14. 14. ISSN 2348-313X (Print) International Journal of Life Sciences Research ISSN 2348-3148 (online) Vol. 5, Issue 2, pp: (108-122), Month: April - June 2017, Available at: www.researchpublish.com Page | 121 Research Publish Journals Table 3. Plant and Weed Growth Variables as Influenced by Application of Mimosa Meals PLANT HEIGHT LEAF NUMBER/PLANT TOTAL WEED COUNT/POT TOTAL BROAD LEAF WEEDS GRASSES CONTROL 21.25a 7.25a 25.75a 23.50ab 2.25a 10 kg Mm/ha 20.75a 7.25a 18.75b 16.25ab 2.50a 20 kg Mm/ha 21.25a 8.00a 16.75ab 15.25ab 1.50a 30 kg Mm/ha 20.50a 7.25a 13.00ab 11.50ab 1.50a 40 kg Mm/ha 19.75ab 7.00a 29.00a 27.50a 1.50a 50 kg Mm/ ha 19.00ab 5.25b 17.50ab 15.50ab 2.00a Table 4. Plant and Weed Growth Variables as Influenced by Application of Mimosa Meals at 4 wap Plant Height Leaf Number/P lant Weed Count Broad Leaf Weeds Grasses Fresh Weight Shoot Fresh Weight Root Dry Weight Shoot Dry Weight Root CONTROL 38.25a 15.50a 27.75a 24.75a 3.00a 10.75ab 2.00b 1.53ab 1.20ab 10 kg Mm/ha 44.66a 13.25a 8.66bc 7.00bc 1.66ab 5.00a 2.00bc 1.04ab 1.12bc 20 kg Mm/ha 35.00a 11.66a 7.66bc 7.33bc 0.33bc 5.75ab 1.75bc 0.93ab 1.16bc 30 kg Mm/ha 39.75a 14.50a 7.00bc 5.75bc 1.25bc 6.00ab 1.75a 2.26a 1.30a 40 kg Mm/ha 34.75a 15.50a 7.25bc 6.50bc 0.75bc 6.50a 1.75ab 1.60ab 1.60a 50 kg Mm/ha 43.75a 13.50a 10.75b 10.25b 0.50bc 4.50ab 1.75ab 1.79ab 1.25a Table 5: Plant and Weed Growth Variables as Influenced by Application of Mimosa Meals at 6 wap Plant Height Leave Numbe r/Plant Weed Count Broad Leaf Weeds Grasses Fresh Weight Shoot Fresh Weight Root Dry Weight Shoot Dry Weight Root CONTROL 142.25a 27.50a 24.65ab 8.29a 12.25a 11.25a 8.00a 10.99b 6.85a 10 kg Mm/ha 95.75ab 16.00ab 28.17ab 8.05a 6.99b 5.50b 8.00a 11.26a 7.12a 20 kg Mm/ha 87.50b 19.25ab 20.98b 7.51a 6.00b 6.00ab 6.75a 11.09a 6.27a 30 kg Mm/ha 121.75ab 15.25ab 33.24a 12.66a 7.00ab 6.75ab 7.75a 12.60a 7.35a 40 kg Mm/ha 107.25ab 18.50ab 24.55ab 9.26a 8.00ab 7.25ab 7.25a 10.96b 6.60a 50 kg Mm/ha 114.00ab 17.25ab 14.59ab 8.53a 5.25bc 4.75bc 7.00a 11.26a 6.53a TABLE 6: Plant And Weed Growth Variables As Influenced By Application Of Mimosa Meals At 8 Wap Plant Height Leave Numbe r/Plant Weed Count Broad Leaf Weeds Grasses Fresh Weight Shoot Fresh Weight Root Dry Weight Shoot Dry Weight Root CONTROL 158.50a 30.00a 35.56b 13.75a 3.75a 11.50a 19.00a 21.93ab 17.29a 10 kg Mm/ha 111.75bc 17.75ab 37.84b 7.25ab 1.00abc 6.50ab 17.75b 22.21ab 17.39a 20 kg Mm/ha 100.25a 20.00ab 31.88c 6.50ab 2.00abc 6.75ab 18.00b 22.28ab 17.29a 30 kg Mm/ha 133.0ab 18.75ab 43.06a 8.25ab 2.00abc 7.50ab 18.00b 26.22a 17.62a 40 kg Mm/ha 118.5ab 18.75ab 34.35b 8.25ab 2.00abc 7.25ab 17.25b 22.53ab 16.54a 50 kg Mm/ha 115.50ab 17.50ab 35.51b 10.00a 2.50a 9.25a 18.00b 22.55ab 17.13a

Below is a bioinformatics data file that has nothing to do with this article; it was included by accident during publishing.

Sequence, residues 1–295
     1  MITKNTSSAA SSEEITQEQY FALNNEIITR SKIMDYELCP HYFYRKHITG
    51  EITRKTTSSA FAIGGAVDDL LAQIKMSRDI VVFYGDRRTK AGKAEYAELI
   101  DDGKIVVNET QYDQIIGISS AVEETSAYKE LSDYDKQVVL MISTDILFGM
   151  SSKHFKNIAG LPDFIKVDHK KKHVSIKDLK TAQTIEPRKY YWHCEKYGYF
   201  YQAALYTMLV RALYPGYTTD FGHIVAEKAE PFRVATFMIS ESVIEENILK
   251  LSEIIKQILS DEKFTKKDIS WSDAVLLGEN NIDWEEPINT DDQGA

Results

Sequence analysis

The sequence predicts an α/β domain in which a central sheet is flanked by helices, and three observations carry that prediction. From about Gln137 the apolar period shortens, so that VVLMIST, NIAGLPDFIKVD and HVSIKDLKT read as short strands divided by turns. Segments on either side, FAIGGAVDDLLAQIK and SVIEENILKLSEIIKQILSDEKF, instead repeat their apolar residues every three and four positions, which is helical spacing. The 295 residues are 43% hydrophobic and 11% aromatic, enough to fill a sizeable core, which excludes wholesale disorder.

15. 15. ISSN 2348-313X (Print) International Journal of Life Sciences Research ISSN 2348-3148 (online) Vol. 5, Issue 2, pp: (108-122), Month: April - June 2017, Available at: www.researchpublish.com Page | 122 Research Publish Journals TABLE 7: Plant And Weed Growth Variables As Influenced By Application Of Siam Meals At 2wap Plant Height Leave Number/Plant Weed Count Broad Leaf Weeds Grasses CONTROL 21.5ab 8.00a 34.50a 33.50a 1.00a 10 kgSm/ha 22.25a 8.25a 17.25b 16.25b 11.00a 20 kg Sm/ha 23.00a 7.25a 7.75c 7.00c 3.00a 30 kgSm/ha 20.25ab 8.00a 7.00c 5.50c 1.50 40 kgSm/ha 21.25ab 7.75a 7.25c 6.25c 1.00a 50 kgSm/ ha 20.25ab 8.00a 6.25c 4.75c 1.50a TABLE 8: Plant And Weed Growth Variables As Influenced By Application Of Siam Meals At 4 Wap Plant Height Leave Number/ Plant Weed Count Broad Leaf Weeds Gras ses Fresh Weight Shoot Fresh Weigh t Root Dry Weight Shoot Dry Weight Root CONTROL 45.50ab 12.50a 25.25a 23.25a 2.75a 11.75a 1.50a 1.92a 1.18a 10 kgSm/ha 52.25ab 13.75a 15.25b 12.00b 3.25a 4.75b 1.75a 2.92a 1.35a 20 kgSm/ha 55.00ab 8.50a 7.50bc 6.00bc 1.25a 3.75bc 1.50a 2.83a 1.22a 30 kgSmha 60.50a 10.50a 6.75bc 5.00bc 1.00a 3.75b 1.50a 2.76a 1.30a 40 kgSm/ha 45.25ab 11.00a 7.75bc 6.75bc 1.00a 4.25b 1.50a 2.53a 1.23a 50 kgSm/ ha 30.75bc 11.50a 4.75bc 4.25bc 0.50a 3.25bc 1.75a 1.68a 1.25a TABLE 9: Plant And Weed Growth Variables As Influenced By Application Of Siam Meals At 6 Wap Plant Height Leave Numbe r/Plant Weed Count Broad Leaf Weeds Grasses Fresh Weight Shoot Fresh Weight Root Dry Weight Shoot Dry Weight Root CONTROL 84.75a 15.75a 19.19b 13.00a 3.00ba 12.75a 7.25a 10.47ab 6.71a 10 kg Sm/ha 105.50a 14.50a 19.61b 5.57b 2.00a 5.75b 7.25a 9.71ab 6.30ab 20 kg Sm/ha 91.75a 10.25a 28.30a 4.75b 1.00a 4.75b 7.13a 11.45a 6.53a 30 kg Sm/ha 100.75a 12.50a 22.86a 4.75b 1.00a 4.75b 7.75a 10.71a 6.45a 40 kg Sm/ha 91.33a 19.25a 27.85a 5.00b 1.00a 4.75b 7.75a 10.74a 6.30ab 50 kg Sm/ha 100.75a 13.50a 15.02b 3.50b 1.00a 3.75b 7.50a 10.70a 6.41a TABLE 10: Plant And Weed Growth Variables As Influenced By Application Of Siam Meals At 8 Wap Plant Height Leave Number /Plant Weed Count Broad Leaf Weeds Grasses Fresh Weight Shoot Fresh Weight Root Dry Weight Shoot Dry Weight Root CONTROL 92.00a 15.75a 13.21b 15.01a 14.25a 21.00a 18.50a 13.48a 16.28a 10 kgSm/ha 118.00a 16.50a 29.76b 9.72b 7.25b 20.55a 18.50a 13.56a 16.36a 20 kgSm/ha 98.25a 12.25ab 39.92a 10.61b 5.00b 20.95a 18.25a 21.28a 16.74a 30 kgSm/ha 103.25a 13.00ab 37.89a 8.29b 5.50b 24.52a 18.75a 18.13a 16.14a 40 kgSm/ha 92.25a 19.50a 39.27a 8.40b 5.50b 20.45a 18.75a 19.30a 16.45a 50 kgSm/ha 105.00a 14.25a 27.11bc 6.50b 4.25bc 21.86a 18.50a 12.33a 16.06a